Ed Ponssi from Online Trading Academy had the following to say:
7 a.m. GMT to 4 p.m. GMT (Greenwich Mean Time, which is the standard measurement of time in the Forex market) is an excellent time for high volume trading, because these are the hours during which traders from London and Europe are most active. Make no mistake about it, London is the world's capital of Forex trading, and is responsible for about 30% of all Forex volume. To be even more specific, the open of the U.K. session (between 3-5 GMT a.m.) and the beginning of the US session (11-13 GMT) have really high volume, as these are the most liquid times of the Forex trading day. I would give respect to breakouts that occur between 7 a.m. GMT to 4 p.m. GMT, and also (to a lesser extent) to breakouts that occur in the early part of the Asian session, around midnight GMT. On the other hand, breakouts that occur during a time of day that is notorious for low volume (late in the U.S. session or late in the Asian session, for example) can be ignored or even faded, because these breakouts tend to occur on relatively light volume.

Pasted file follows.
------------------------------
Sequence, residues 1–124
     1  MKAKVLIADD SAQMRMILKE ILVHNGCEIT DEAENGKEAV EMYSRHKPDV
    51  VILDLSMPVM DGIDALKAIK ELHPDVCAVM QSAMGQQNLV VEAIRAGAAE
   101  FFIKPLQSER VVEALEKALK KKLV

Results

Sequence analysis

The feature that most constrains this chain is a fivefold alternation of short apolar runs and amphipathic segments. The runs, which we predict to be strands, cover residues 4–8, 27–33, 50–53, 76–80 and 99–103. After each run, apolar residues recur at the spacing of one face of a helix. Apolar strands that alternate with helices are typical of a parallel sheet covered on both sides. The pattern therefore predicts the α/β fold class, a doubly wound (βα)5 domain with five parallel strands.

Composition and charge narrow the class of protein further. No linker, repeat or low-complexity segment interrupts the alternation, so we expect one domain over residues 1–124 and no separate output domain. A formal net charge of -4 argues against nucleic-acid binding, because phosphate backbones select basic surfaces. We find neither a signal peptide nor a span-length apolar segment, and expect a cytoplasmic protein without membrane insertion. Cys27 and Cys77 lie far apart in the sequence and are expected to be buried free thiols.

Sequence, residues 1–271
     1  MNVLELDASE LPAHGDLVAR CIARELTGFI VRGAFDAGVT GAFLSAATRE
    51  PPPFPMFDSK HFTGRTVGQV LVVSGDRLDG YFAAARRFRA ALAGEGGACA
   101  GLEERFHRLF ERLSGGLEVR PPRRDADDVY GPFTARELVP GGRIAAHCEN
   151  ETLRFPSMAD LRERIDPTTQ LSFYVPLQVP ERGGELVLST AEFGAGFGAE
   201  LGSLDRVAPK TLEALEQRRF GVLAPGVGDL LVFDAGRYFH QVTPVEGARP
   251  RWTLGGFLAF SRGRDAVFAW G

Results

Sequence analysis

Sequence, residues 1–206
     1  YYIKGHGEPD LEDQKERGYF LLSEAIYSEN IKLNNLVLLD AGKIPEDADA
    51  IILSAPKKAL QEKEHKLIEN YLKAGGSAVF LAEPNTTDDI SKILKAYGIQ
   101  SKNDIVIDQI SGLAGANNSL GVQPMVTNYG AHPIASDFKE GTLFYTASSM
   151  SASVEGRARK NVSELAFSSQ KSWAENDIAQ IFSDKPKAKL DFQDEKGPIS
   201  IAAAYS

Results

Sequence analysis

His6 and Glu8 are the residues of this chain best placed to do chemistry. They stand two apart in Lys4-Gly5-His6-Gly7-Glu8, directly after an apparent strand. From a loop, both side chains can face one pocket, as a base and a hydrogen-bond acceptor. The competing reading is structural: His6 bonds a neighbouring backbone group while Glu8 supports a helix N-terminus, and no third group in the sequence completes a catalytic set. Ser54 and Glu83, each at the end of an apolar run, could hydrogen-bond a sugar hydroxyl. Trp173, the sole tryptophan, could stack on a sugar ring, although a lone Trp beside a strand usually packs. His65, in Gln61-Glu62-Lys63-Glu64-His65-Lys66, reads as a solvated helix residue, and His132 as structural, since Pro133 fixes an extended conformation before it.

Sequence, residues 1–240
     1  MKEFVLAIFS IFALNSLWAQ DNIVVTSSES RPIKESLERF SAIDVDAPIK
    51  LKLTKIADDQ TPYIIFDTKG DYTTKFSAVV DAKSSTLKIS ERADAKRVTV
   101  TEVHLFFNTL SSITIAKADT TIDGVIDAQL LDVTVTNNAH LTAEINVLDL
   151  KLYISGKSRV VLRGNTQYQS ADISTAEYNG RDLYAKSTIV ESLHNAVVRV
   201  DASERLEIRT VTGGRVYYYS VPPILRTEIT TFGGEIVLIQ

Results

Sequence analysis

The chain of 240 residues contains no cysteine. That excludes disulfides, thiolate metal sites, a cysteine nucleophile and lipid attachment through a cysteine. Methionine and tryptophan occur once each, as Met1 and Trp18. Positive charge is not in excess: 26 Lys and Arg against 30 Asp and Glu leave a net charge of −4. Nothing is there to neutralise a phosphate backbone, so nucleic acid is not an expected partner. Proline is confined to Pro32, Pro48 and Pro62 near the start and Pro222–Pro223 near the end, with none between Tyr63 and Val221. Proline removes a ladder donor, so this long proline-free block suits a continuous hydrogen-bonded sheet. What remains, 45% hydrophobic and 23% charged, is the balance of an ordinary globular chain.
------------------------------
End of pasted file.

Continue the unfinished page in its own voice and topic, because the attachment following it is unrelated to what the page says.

How about Fibonacci on Forex?
Fibonacci works in Forex trading because it is a part of the Forex trading culture. [Only fib lines no other esoteric fib stuff.]
Basically, I want to use what the institutions use and see what they see, and I want to avoid analyzing anything that institutions do not use. Since institutional traders are the ones that move the market, we want to align our analysis with theirs.
For me, the bare minimum time frame for a Fibonacci retracement would be one day, but when I draw a retracement usually I am covering a period of weeks or months. Again, try to pick the one that seems most obvious...which one really sticks out? That's the one that most people will use, including the institutions and hedge funds, and therefore it is the one that is most likely to work.
NOTE: I Have the e-mail of this guy.